PARKING INFORMATION FOR 2016Parking will be available in the Lincoln Parking Structure. The coupon code is: 70161485.
The main entrance to the parking structure is located off Belmont St. You will be able to park in any space that is not designated by a sign. You need to remember the space number then proceed to a pay kiosk. Pay kiosks are available on each floor by the staircase, and the first floor machine is located in the lobby of the Northwest staircase. You will need to enter the space number at the pay kiosk, select pay by the hour, and then enter the above coupon code for free parking.
"INTERDISCIPLINARY EXPLORATIONS: THE IDEA OF NATURE" PUBLIC LECTURE SERIES
In spring 2012, a new public lecture series began at Boise State University: "Interdisciplinary Explorations: The Idea of Nature." The goal of the series is to promote interdisciplinary inquiry and to foster dialogue across the campus and community, based on the premise that big questions need interdisciplinary answers.
Videos of the lectures and the promotional materials can be downloaded from the links below.
These lectures are free, open to the public, and require no tickets. All events will be held in the Boise State Student Union building, Simplot or Jordan Ballroom. All lectures will begin at 6 PM with a free reception with appetizers to follow at 7 PM.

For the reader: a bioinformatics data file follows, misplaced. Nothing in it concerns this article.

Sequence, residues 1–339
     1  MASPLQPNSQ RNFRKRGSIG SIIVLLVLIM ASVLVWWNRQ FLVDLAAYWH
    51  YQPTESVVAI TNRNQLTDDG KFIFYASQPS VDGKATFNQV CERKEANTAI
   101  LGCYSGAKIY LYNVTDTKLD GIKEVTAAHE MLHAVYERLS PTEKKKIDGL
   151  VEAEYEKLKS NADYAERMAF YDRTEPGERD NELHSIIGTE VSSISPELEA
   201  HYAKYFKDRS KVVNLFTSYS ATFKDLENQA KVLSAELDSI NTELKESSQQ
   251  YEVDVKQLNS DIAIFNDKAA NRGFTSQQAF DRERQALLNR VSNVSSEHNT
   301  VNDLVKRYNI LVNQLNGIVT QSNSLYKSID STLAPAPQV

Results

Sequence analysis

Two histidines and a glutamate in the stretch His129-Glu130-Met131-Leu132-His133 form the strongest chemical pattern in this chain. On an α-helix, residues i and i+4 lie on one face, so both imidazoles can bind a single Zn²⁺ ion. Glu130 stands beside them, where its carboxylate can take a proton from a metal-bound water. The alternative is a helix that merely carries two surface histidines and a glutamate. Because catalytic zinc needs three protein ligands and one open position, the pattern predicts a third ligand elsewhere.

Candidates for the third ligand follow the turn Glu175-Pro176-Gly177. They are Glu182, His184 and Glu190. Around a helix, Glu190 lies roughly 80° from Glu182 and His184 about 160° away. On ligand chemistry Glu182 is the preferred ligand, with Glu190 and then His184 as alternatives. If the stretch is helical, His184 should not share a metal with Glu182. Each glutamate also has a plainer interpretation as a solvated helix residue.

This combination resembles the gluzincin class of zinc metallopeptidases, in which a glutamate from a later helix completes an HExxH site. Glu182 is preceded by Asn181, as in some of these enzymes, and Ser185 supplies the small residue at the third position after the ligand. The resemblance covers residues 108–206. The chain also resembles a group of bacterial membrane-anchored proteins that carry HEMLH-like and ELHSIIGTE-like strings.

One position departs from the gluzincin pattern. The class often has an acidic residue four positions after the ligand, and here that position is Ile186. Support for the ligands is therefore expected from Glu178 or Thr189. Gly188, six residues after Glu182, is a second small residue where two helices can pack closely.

For free tickets for the receptions or information about free parking, please contact Dr. Harvey at samanthaharvey@ boisestate.edu .
SPRING 2016 SCHEDULE
"Messy Rivers are Healthy Rivers"
Ellen Wohl, Department of Geosciences, Colorado State University
March 3, 2016
Perceptions of river health are influenced by expectations regarding the appearance of a natural river, but appearance depends on geomorphic context and river history. I examine how physical complexity – messiness – influences river health, how human activities simplify rivers and compromise river health, and how we can restore complexity and ecosystem services provided by rivers.
Wohl is a Fellow of both the Geological Society of America and the American Geophysical Union and has received many awards, including the Gladys W. Cole Memorial Award from the Geological Society of America, the Kirk Bryan Award from the Geological Society of America, the G.K. Gilbert Award from the Association of American Geographers, and the Award for Outstanding Contributions to Interdisciplinary Water Education, Research.